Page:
My oldest child will be 4 years old this week. I've been working on this mothering gig for FOUR years now. And just in the last month or so, I feel like I've finally started believing that this work I'm doing is important. This isn't to say that I've spent the last four years feeling like being a mother is no big deal. I've always known that it is supposedly important work, that what I do day-to-day doesn't have instant gratification but will pay off in the long run, or that I am one of the single greatest influences on my children - especially at this young age. But even when you know those things, sometimes you still don't really feel them in your soul.
This was me. I had moved away from wanting an outside career and I knew that I really did want to be at home with my children while I had the opportunity. I knew that I was doing something important with my life, even if most of my days felt difficult and tiring. However, I still felt a little embarrassed - or perhaps, uncomfortable - with the fact that when people asked me, "What do you do?", my answer was, "I'm a stay-at-home-mother." In truth, I was saying that I believed it was important, but I wasn't really feeling it.
I am certainly not the best mother. And Pinterest could make me REALLY depressed if I let it (all those DIY moms out there have raised the bar). But, my kids are smart. My kids get along well with other children. They enjoy reading and music. And they are developing some fantastic little personalities. Would they be doing all those same things if they had been in daycare? Probably. BUT, I've been there for all of it and I'm incredibly thankful for that. I know some families don't have any choice but for both parents to work. And in some families, both parents WANT to work outside the home. Every family is different. But, for me, having children has dramatically changed my perspective on many things - my career included.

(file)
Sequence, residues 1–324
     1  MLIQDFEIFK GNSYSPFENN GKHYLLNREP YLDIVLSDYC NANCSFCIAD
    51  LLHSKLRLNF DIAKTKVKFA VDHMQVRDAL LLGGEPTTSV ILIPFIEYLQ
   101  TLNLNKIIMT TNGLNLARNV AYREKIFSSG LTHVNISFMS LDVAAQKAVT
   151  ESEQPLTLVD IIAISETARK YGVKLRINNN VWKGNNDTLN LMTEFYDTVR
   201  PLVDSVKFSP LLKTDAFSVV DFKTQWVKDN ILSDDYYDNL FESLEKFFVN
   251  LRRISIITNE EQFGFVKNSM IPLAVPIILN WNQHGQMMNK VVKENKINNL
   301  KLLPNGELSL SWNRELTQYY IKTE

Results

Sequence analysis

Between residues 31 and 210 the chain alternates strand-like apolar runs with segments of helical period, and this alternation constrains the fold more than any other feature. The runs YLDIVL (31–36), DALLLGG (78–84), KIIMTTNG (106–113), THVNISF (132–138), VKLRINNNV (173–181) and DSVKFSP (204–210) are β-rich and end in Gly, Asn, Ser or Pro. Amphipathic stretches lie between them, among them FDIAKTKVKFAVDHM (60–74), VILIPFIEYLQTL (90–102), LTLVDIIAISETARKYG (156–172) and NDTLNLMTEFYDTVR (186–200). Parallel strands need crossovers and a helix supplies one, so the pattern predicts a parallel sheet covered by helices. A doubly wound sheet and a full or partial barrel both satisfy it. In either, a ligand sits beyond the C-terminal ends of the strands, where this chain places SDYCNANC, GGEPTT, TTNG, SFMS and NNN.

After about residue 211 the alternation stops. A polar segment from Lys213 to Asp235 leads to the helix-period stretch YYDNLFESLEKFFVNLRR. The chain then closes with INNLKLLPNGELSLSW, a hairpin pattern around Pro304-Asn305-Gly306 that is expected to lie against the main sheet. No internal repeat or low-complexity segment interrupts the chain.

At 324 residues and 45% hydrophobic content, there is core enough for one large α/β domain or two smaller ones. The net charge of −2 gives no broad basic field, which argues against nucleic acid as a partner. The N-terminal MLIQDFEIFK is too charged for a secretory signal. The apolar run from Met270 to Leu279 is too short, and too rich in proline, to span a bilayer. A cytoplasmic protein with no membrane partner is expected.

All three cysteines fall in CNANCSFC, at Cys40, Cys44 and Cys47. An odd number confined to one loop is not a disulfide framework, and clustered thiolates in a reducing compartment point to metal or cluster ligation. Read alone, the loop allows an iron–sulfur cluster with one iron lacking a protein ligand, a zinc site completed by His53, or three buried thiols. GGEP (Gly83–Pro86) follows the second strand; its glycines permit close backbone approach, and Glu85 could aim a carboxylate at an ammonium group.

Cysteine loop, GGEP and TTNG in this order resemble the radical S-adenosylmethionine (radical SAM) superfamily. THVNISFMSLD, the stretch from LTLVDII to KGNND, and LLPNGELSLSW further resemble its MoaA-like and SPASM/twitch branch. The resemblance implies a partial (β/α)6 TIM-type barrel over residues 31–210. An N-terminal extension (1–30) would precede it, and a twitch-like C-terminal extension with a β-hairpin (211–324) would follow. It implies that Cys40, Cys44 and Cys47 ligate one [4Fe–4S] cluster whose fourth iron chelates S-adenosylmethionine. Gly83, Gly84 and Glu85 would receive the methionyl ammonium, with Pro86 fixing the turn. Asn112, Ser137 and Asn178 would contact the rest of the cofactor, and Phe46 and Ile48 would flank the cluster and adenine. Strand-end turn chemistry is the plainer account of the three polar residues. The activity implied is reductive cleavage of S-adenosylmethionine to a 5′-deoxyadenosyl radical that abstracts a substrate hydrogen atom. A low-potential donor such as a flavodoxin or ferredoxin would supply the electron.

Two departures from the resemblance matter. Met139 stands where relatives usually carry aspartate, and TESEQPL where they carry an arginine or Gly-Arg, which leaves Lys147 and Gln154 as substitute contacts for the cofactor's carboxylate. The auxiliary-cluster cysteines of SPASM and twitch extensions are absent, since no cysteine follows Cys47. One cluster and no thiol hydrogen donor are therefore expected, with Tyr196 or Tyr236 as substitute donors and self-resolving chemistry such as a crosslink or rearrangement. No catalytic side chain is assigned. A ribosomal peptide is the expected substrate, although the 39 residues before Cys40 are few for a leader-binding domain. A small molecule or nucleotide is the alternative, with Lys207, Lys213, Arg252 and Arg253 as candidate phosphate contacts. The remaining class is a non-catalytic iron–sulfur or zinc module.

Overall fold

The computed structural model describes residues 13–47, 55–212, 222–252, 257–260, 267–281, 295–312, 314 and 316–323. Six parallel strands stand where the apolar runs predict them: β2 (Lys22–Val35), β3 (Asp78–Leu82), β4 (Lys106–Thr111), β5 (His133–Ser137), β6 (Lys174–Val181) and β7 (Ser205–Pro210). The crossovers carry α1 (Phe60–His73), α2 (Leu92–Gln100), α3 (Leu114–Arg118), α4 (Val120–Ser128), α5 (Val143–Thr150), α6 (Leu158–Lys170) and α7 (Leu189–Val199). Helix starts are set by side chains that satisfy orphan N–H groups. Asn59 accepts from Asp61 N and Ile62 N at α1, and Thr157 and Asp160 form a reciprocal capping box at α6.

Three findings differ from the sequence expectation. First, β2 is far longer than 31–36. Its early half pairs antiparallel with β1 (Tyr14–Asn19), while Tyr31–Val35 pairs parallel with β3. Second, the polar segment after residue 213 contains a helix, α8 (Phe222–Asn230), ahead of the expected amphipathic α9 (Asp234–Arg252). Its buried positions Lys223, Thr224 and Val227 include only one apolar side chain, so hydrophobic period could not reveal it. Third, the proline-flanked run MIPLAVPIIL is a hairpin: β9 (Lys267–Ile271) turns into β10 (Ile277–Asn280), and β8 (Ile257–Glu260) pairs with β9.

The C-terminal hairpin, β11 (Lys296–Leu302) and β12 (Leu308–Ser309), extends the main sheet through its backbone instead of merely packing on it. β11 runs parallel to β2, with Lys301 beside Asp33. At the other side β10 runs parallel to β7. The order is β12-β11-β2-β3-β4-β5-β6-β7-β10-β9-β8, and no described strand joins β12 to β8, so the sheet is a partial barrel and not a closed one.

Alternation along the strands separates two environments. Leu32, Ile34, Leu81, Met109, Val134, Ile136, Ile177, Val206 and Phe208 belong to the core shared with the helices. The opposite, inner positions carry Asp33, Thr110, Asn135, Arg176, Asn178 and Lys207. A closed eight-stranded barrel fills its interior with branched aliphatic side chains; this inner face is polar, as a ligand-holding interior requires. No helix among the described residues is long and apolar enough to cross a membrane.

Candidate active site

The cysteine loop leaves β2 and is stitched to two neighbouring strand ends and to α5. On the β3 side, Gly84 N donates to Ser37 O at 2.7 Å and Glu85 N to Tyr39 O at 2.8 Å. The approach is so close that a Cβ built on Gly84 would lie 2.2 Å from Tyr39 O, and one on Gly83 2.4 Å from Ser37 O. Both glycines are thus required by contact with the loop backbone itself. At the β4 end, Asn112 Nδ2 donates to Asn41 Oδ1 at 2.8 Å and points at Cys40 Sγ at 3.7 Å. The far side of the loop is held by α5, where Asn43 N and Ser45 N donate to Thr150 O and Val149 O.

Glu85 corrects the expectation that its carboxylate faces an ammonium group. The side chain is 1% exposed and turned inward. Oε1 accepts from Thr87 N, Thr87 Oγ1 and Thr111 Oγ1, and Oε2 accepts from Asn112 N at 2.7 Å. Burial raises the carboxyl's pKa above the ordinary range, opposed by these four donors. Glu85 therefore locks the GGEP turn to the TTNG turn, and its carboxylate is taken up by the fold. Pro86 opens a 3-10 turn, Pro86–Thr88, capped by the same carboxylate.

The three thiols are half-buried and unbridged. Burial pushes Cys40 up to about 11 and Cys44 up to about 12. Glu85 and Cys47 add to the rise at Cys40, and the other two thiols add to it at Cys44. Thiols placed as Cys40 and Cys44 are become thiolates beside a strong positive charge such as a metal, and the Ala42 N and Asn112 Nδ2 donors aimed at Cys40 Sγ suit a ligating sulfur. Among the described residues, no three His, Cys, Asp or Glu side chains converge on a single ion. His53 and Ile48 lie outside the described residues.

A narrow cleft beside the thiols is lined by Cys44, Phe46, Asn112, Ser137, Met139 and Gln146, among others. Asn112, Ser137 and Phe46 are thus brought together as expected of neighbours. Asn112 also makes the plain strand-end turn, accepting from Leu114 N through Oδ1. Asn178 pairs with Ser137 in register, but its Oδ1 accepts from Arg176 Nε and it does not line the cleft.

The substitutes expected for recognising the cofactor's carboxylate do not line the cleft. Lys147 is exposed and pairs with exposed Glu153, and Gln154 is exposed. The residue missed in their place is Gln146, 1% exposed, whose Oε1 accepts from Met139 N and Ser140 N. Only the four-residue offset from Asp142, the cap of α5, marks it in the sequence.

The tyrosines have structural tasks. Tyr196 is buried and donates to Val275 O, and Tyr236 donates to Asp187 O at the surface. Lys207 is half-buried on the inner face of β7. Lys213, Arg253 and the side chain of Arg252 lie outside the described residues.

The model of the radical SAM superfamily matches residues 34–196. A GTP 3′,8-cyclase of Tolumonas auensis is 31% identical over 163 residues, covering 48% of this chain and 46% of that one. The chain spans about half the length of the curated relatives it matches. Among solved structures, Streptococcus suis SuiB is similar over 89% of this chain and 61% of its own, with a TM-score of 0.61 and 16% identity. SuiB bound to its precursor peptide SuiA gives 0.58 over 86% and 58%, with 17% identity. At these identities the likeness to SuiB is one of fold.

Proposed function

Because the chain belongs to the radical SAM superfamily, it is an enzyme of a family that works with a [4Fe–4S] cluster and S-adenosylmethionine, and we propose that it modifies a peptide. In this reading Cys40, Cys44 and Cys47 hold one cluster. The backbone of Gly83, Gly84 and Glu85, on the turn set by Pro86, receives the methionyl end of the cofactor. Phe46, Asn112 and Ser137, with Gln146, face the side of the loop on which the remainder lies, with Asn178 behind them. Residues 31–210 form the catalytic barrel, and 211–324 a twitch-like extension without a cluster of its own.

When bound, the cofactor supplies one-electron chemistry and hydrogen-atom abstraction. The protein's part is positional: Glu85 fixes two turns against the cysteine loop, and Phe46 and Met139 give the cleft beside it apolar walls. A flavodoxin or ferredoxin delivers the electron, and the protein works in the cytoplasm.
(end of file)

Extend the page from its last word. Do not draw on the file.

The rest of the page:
Mothering is my career at the moment. It's not just a way to pass the time while I wait for my career to begin. Mothering has brought out the most authentic version of myself that I doubt would have emerged so soon had I not been a mother. The things that are most important to me, the values that I want to live by, the things I want to believe in, my best attributes and contributions to others, have sprung forth in an effort to be a good mother. This work I'm doing is not only meaningful to my children, but it has become meaningful to me. And no doubt, it will be meaningful, and will have shaped any future career path I follow.
My husband often tells me that he thinks I have much to contribute to the professional world, and I know that one of the reasons he fell in love with me was for my academic drive and intellectual curiosity. And just this morning, he admitted that sometimes he gets annoyed with any statements I make about not going back to work for a while. At some point, we may not be in a place, financially, where I have a choice about it. But it's hurtful when I feel as though my husband - my biggest supporter - doesn't really think I'm fulfilling my purpose. And, regardless of whether or not that is exactly what he thinks, it IS how I interpret his words. I don't believe that everyone has a singular purpose or that anyone's purpose is the same throughout their lives.
I anxiously look forward to the days when I have a professional career again. I start getting excited when I think about all the things I could do to help other people in some way. Not to mention how much fun a professional wardrobe might be.... But that time just isn't now. Lots of other people could take care of my children while I pursued a career, but I am blessed to have the opportunity to do it myself. It's my choice. It's not what I'm settling on for now.
I'm 26 years old. If I'm lucky, I still have another 60 years on earth. That's plenty of time to pursue two or three more careers if I wanted to. So while I have the time, I'd like to focus on my own children. I've brought two souls into the world. Two little girls who need someone to care for them physically, psychologically, and spiritually. I feel responsible for that. And if that isn't a good purpose, I don't know what is.